Also at that time, media reports drew attention to tweets Grenell posted that included unflattering observations about GOP presidential long-shot Newt Gingrich's wife Callista and MSNBC's political commentator Rachel Maddow, who's lesbian, among others. In an opinion piece for the Washington Blade in 2012, he derided gay Pulitzer Prize-winner Jonathan Capehart for defending President Barack Obama's evolving position on same-sex marriage.

Like Trump, Grenell is a very active Twitter poster. In 2014, Time magazine called him a "Twitter provocateur, seemingly always on the hunt for what he sees as liberal media bias or Democrats' weak-kneed foreign policy."

On July 20, Grenell appeared on Sean Hannity's Fox News program, criticizing media scrutiny of Trump's one-hour impromptu dinner chat with Russian President Vladimir Putin after the G-20 Summit as "gossip reporting." Much of that reporting has been in the context of several ongoing investigations to determine whether the Trump campaign solicited or accepted Russian aid in his presidential election victory last November.

And Grenell retweeted, without comment, a Fox New story July 13 that criticized ABC and NBC News for characterizing the Alliance Defending Freedom as an "anti-LGBT hate group." The ADF has been one of the leading organizations in filing challenges to laws that prohibit discrimination based on sexual orientation.



Grenell earned a master's degree in public administration from the Harvard John F. Kennedy School of Government. He was appointed by Ambassador John Danforth in 2004 to serve as an alternative representative of the United States to the U.N. Security Council. He served the Bush administration for seven years as a spokesman for the U.S. ambassador to the United Nations. And he served as a spokesman for numerous other prominent Republicans, including former New York Governor George Pataki, former South Carolina Governor Mark Sanford, former Michigan Representative David Camp, and former San Diego Mayor Susan Golding.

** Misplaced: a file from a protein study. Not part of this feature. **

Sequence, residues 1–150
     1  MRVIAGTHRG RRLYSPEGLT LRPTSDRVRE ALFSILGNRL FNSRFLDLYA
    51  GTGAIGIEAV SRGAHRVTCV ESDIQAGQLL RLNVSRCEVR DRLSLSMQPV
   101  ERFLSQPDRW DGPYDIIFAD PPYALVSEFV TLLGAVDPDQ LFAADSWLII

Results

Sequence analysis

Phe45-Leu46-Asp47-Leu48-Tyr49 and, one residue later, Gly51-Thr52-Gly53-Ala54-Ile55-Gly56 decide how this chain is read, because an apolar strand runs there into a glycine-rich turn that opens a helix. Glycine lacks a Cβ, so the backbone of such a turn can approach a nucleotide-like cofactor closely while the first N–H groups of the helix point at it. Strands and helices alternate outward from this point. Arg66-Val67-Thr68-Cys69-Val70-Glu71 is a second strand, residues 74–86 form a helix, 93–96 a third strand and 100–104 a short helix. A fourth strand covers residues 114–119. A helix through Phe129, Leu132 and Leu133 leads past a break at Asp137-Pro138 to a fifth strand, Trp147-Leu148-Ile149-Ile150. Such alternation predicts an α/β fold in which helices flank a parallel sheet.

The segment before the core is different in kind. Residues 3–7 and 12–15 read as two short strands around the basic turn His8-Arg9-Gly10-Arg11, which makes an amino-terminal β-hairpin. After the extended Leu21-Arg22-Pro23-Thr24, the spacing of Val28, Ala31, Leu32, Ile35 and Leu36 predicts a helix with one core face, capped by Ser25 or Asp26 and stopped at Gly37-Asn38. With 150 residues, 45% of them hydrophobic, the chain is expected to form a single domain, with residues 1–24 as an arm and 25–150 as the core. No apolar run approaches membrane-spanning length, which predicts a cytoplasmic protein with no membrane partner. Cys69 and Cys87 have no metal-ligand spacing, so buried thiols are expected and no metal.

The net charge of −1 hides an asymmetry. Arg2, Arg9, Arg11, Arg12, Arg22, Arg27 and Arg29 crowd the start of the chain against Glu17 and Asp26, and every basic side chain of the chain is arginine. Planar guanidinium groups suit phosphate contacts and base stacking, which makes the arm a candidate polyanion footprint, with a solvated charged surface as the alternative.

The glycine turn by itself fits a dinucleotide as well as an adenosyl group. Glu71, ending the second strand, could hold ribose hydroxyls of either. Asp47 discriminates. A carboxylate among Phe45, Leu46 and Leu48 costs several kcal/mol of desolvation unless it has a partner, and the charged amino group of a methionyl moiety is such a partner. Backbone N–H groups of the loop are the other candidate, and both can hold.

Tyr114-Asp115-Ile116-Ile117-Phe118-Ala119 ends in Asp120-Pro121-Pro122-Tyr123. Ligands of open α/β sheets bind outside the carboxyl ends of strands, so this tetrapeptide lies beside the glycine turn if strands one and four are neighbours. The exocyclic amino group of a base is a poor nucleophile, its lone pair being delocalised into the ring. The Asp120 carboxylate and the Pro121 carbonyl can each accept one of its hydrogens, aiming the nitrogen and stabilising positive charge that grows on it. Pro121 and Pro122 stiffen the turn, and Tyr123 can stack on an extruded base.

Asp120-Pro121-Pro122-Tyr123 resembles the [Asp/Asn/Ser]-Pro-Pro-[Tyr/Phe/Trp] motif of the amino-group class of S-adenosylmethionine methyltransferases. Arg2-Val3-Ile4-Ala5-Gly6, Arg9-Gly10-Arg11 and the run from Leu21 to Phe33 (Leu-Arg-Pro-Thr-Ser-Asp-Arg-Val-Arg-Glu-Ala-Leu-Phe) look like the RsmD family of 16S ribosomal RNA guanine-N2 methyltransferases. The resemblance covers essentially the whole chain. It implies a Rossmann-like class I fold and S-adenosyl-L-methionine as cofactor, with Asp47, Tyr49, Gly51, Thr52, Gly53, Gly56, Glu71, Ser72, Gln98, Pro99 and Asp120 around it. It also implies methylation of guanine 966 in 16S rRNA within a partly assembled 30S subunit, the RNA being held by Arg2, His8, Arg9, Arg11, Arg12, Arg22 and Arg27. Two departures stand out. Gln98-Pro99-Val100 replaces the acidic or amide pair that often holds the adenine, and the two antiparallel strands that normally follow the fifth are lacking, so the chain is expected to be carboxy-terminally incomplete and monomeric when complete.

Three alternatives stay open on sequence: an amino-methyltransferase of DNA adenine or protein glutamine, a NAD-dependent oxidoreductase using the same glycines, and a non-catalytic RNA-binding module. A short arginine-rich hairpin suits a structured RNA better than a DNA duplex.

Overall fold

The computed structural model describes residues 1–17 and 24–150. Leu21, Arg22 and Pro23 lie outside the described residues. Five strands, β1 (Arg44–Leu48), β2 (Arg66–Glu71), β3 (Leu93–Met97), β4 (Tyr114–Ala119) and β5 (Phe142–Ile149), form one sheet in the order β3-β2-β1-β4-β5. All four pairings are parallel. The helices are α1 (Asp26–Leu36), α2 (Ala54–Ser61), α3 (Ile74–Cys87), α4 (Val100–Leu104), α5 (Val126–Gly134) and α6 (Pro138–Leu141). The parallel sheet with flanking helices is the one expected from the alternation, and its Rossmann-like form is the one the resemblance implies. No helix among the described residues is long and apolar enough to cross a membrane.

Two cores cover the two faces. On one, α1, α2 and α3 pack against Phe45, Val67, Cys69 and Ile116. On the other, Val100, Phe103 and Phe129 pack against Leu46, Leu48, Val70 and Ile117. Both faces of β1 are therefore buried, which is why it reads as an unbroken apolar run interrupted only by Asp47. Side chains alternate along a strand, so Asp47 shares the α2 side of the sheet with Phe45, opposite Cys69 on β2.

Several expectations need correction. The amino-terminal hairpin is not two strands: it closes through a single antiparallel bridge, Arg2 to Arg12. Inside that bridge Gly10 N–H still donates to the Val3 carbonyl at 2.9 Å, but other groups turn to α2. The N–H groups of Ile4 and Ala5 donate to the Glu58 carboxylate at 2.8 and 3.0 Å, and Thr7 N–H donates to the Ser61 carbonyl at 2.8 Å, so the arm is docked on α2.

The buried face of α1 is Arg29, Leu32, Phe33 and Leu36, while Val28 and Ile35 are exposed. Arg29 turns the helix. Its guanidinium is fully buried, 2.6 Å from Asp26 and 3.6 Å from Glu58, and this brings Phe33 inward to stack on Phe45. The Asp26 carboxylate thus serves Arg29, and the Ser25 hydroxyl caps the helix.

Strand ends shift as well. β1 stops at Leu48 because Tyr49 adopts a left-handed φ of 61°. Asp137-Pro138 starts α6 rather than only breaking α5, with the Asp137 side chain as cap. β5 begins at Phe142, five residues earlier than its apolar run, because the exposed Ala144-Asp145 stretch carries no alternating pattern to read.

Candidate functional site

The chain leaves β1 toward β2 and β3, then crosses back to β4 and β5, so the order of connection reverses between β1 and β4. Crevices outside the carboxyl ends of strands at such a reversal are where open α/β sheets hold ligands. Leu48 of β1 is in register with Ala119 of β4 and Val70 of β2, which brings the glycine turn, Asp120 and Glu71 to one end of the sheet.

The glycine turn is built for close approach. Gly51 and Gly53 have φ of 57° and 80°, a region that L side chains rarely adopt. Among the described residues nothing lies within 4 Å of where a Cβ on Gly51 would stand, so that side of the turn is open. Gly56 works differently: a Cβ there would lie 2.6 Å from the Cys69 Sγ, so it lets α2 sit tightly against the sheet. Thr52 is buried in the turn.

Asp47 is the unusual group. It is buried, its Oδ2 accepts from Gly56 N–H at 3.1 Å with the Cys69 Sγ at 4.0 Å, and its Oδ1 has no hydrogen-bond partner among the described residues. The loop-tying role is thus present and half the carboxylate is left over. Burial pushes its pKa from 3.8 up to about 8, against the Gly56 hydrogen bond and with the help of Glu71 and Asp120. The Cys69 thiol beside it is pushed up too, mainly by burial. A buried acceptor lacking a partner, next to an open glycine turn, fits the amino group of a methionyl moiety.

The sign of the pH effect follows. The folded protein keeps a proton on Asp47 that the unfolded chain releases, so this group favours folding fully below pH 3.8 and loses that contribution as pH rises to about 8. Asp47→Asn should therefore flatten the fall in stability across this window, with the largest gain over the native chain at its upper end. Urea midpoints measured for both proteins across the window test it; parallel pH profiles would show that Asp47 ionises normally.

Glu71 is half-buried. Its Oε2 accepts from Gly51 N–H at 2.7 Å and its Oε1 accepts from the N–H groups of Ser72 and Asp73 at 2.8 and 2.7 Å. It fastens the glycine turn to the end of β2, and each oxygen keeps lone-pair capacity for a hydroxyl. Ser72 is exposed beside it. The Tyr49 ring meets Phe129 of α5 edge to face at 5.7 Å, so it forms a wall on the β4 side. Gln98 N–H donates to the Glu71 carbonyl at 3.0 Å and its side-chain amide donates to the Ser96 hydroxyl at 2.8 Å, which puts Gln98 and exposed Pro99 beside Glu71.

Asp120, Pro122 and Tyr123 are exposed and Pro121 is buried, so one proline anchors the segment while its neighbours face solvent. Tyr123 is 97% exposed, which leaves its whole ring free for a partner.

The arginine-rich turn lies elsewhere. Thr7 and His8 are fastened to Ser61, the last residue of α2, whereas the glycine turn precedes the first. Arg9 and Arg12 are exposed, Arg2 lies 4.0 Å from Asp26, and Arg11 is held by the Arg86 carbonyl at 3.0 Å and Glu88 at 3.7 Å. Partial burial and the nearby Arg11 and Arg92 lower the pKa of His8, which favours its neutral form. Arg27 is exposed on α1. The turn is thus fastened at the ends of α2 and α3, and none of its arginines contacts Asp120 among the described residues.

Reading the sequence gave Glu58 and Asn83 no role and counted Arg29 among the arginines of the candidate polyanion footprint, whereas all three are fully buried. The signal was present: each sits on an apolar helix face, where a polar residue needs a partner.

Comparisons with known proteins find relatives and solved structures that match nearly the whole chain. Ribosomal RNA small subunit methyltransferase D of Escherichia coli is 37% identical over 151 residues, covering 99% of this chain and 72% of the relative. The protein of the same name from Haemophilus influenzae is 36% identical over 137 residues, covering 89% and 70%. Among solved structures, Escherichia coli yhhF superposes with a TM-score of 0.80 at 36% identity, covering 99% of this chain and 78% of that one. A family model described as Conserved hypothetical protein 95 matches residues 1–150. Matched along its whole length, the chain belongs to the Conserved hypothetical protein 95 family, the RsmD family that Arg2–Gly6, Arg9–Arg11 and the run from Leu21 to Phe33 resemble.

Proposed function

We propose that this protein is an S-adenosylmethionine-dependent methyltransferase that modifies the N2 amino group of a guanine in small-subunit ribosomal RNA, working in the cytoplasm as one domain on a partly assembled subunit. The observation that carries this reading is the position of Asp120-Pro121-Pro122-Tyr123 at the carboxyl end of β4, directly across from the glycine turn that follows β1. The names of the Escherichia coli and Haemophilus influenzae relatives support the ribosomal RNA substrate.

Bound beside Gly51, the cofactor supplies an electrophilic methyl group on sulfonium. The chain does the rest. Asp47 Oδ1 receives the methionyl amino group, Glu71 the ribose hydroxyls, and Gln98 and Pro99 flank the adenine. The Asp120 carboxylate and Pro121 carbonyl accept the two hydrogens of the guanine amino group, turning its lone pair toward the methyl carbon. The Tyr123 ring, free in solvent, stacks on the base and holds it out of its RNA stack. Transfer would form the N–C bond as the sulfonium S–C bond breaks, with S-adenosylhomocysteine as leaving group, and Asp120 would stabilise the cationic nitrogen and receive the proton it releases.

Grenell has been a member of Log Cabin Republicans, and spoke about foreign policy issues at its national conference last year. In 2013, he signed a brief to the U.S. Supreme Court in support of overturning California's Proposition 8 banning same-sex couples from marrying.

The Associated Press reported last November that Grenell was being considered by Trump for the position of U.S. ambassador to the United Nations. But Trump ultimately chose South Carolina Governor Nikki Haley for that post.

Grenell's Twitter feed also indicates that, one year after leaving the Romney campaign staff, Grenell underwent chemotherapy for non-Hodgkin's lymphoma. He and his partner, Matthew Lashey, developed a free app to help people being treated for cancer to track the side effects of their medications to help doctors make better informed judgments in adjusting treatment.

In 2008, the Advocate magazine reported that Grenell, while at the U.N., sought to have Lashey listed in the U.N. directory that lists diplomatic personnel and their spouses. Grenell said that he and Lashey considered themselves married even though, at the time, it was not possible for them to obtain a marriage license in New York. A U.S. State Department official said the Defense of Marriage Act precluded the U.S. from submitting Lashey's name for inclusion.